For a country that aspires to being clever we seem remarkably gullible when it comes to reports by people said to be experts. It has been happening for years on climate matters, and now much the same trusting reaction has welcomed the proposal for a high speed rail (HSR) route between Brisbane and Melbourne.
One might understand the ill-informed public being gulled, but journalists, who are supposed to wear scepticism as a badge of honour, seem equally untroubled by any hint of professional curiosity. The "High Speed Rail Study – phase 2 report – key findings and Executive summary" is loaded with assumptions, questionable claims and serious omissions. Here are some of the issues:
Business passengers are estimated to account for just 35% of all passenger traffic, leaving 65% as "non-business". The latter group seems to include tourists. It’s not a Very Fast Train so much as a Very Fast Tourist Train, one that would rely heavily on an influx of tourists and a big demand for visiting the relatives.
The HSR is proposed at a time when video calls, via Skype and more advanced videoconferencing for businesses, are becoming easier and cheaper. The demand for travel to see friends and relatives may diminish, but the business world is already well aware that a physical presence is no longer a prerequisite for meetings.
The study predicts that more than 50% of passengers would otherwise have travelled by air, seeming to believe that the airlines will follow the European pattern of reducing capacity on the route. It fails to recognise that the Melbourne-Sydney and Sydney-Brisbane routes account for a huge percentage of airline profits (exceeding 50%?), and that operators will not concede defeat as easily as did their European counterparts, which didn’t have so many eggs in so few baskets and took up the option of opening plenty of other routes.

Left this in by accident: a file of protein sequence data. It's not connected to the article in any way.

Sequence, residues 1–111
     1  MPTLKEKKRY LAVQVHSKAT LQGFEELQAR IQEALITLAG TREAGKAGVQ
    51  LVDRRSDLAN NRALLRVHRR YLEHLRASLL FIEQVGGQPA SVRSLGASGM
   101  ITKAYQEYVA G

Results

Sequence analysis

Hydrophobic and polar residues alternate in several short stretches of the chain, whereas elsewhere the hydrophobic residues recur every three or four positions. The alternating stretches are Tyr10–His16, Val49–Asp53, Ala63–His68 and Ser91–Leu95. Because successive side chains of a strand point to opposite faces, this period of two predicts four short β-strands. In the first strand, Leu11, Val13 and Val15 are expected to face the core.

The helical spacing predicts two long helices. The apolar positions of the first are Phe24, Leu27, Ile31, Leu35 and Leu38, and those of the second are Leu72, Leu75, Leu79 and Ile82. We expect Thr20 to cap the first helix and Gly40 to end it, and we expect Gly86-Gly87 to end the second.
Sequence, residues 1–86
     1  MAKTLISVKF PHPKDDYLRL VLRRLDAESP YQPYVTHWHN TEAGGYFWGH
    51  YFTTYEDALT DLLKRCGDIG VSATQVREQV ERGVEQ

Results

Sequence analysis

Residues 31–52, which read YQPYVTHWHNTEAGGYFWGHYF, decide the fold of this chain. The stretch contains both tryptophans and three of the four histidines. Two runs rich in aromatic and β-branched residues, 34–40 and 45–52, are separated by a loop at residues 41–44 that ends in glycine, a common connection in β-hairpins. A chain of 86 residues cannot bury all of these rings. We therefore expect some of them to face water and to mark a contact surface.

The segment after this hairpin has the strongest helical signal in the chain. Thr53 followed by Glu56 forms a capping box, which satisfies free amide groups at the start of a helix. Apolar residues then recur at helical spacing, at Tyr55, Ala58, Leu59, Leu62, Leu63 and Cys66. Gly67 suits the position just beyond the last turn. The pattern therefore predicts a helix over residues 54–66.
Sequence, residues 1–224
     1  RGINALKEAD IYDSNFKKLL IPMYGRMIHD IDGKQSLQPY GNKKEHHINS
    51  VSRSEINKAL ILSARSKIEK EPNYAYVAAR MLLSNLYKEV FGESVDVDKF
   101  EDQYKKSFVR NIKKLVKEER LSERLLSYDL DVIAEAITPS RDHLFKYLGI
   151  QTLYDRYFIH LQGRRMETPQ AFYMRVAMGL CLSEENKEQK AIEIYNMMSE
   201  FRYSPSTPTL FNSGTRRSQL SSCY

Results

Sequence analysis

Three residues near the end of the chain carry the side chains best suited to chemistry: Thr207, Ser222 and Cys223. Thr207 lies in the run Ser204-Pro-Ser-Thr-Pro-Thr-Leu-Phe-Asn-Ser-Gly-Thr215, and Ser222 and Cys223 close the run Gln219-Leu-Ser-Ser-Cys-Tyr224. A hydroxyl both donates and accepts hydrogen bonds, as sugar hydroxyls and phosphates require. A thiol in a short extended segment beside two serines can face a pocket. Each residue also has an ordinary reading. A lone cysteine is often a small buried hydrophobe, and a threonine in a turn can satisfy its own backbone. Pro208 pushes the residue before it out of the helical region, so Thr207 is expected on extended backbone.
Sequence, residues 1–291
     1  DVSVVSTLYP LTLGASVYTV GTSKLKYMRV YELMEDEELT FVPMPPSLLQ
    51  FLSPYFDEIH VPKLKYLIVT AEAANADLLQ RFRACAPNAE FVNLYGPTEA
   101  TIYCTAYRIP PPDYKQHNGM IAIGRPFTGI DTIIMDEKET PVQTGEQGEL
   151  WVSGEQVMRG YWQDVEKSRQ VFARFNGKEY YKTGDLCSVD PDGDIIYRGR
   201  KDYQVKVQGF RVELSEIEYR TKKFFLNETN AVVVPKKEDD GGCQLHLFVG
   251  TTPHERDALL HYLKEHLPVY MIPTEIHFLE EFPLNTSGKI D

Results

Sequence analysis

One way to compete would be the method Qantas already uses: selling international visitors discounted domestic-flight deals when they buy their tickets to Australia. The report comments, almost as an after-thought, "Additional aviation capacity also reduces the financial return [of the HSR] from 0.8% to 0.3%", which should ring plenty of alarm bells. A financial return estimated at the larger number of just 0.8% on something 50 years into the future goes beyond crystal-ball stuff.
The cost of building the HSR system is estimated as $114 billion, in 2012 terms, and is projected to take 50 years to build. In the last half century the prices of houses, cars and many other things have risen by a factor of 15. If that rate of increase continues, the HSR will cost $1.71 trillion dollars in 2064 dollars — and that’s without the almost inevitable blow-outs in large construction projects. Stating that figure might have scared the punters if journalists were up for doing more than re-writing press releases. Then again, maybe not. Increasingly, Australians seem to think that "someone else" pays for infrastructure like this.
The distances-and-travel times shown in one of the report’s charts appear to be saying that if you are travelling express from Sydney to Melbourne you will stop at Albury-Wodonga before the Melbourne leg, which is estimated at a further 49 minutes. Travel express from Canberra to Melbourne, again stopping in Albury-Wodonga, and the Melbourne leg will take 54 minutes. Travel on a "regional" train from Sydney and the Albury-Wodonga to Melbourne leg will take 68 minutes. But if you travel from the Southern Highlands to Melbourne it is 58 minutes. From Canberra the same leg is 72 minutes, while travel from Albury-Wodonga to Melbourne and it’s 69 minutes. I assume this "regional" train stops at Shepparton, but that doesn’t account for the variation between trains designated "express" and the trains designated as "regional".